Turkish authorities discovered the remains of what was said to be a church found underwater, in a lake in the town of Iznik near the city of Bursa, which was part of the ancient Greek city of Nicaea.
In ancient times, Nicaea played the role of the religious and cultural center in the Byzantine era and in the early stages of the spread of Christianity.
According to Daily Sabah, the discovered church dates back to the 5th century AD and was built in honor of Saint Neophotos.
Experts say that the church was submerged in water in the year 740 AD, following an earthquake that struck the region, but the drought and declining water levels were easy to detect recently through aerial photographs taken.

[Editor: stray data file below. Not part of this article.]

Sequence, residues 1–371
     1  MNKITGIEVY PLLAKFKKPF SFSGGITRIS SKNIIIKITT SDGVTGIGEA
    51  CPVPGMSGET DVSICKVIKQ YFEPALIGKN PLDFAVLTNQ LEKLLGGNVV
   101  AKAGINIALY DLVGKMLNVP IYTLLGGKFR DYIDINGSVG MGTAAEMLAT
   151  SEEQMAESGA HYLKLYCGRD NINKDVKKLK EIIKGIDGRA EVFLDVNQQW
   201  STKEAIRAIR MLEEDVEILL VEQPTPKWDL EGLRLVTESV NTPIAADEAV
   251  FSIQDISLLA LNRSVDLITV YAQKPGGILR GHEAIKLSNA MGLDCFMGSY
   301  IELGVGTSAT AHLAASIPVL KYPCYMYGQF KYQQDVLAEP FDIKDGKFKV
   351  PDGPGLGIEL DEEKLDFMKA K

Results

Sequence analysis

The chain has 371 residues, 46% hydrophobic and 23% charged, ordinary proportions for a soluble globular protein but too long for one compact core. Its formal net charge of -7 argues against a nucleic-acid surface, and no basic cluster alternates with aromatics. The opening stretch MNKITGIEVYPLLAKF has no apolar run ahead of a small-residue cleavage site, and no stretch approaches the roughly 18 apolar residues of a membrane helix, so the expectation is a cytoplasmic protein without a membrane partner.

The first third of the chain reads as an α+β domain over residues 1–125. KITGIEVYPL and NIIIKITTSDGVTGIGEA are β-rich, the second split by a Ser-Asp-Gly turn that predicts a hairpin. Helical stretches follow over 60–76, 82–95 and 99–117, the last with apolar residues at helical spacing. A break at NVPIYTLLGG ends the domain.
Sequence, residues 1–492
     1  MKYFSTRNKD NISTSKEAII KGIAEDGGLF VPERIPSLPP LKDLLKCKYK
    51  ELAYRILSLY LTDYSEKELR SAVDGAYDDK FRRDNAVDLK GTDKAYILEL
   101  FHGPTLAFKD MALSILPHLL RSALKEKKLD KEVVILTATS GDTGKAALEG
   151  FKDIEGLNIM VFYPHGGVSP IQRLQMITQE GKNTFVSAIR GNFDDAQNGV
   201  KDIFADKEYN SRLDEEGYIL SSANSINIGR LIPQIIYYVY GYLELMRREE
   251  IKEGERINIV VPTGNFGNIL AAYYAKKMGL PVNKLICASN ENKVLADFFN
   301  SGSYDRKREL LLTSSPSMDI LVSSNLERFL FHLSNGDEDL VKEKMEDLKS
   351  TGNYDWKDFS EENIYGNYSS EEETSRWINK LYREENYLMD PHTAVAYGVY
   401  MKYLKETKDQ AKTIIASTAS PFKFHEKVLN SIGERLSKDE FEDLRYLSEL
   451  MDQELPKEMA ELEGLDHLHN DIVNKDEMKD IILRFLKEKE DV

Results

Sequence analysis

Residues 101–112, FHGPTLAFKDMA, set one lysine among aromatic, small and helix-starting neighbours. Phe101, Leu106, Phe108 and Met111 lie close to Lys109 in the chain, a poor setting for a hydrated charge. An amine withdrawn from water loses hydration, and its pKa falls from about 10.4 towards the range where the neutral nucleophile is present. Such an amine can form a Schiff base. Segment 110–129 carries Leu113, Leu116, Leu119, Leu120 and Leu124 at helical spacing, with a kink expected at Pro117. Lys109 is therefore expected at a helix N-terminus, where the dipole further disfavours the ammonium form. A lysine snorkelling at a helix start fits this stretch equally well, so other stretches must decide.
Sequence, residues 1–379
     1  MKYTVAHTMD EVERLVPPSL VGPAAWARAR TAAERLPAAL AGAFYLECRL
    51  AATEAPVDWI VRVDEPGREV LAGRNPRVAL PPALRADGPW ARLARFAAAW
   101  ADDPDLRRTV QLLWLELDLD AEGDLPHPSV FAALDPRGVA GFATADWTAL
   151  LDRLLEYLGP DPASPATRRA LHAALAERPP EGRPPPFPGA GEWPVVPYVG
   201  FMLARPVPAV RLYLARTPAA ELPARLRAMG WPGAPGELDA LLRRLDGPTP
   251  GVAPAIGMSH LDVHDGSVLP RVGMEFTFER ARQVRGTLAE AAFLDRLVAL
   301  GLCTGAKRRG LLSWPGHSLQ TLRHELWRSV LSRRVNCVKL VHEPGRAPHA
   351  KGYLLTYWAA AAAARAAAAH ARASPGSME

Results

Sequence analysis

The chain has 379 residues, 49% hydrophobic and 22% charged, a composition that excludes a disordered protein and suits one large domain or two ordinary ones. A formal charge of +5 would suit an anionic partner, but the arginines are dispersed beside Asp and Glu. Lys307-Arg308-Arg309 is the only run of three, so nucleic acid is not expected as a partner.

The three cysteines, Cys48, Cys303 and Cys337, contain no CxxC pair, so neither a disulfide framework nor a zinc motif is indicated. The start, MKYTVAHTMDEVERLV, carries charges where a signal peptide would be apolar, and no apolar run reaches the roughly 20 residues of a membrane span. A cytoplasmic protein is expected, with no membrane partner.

According to the "My Modern Mate" website, according to the Turkish archaeologist, Mustafa Shaheen, several graves were found on the site of the church, along with the skeletons of young children and a middle-aged person.
Shaheen goes beyond the submerged building to be a Christian church, especially since it is believed that it was a pagan temple dedicated to the worship of the Greek god, Apollo.
Shaheen reinforced his idea with artifacts found at the site, which included coins and pieces of old lamps, consistent with his statement that the building was a temple.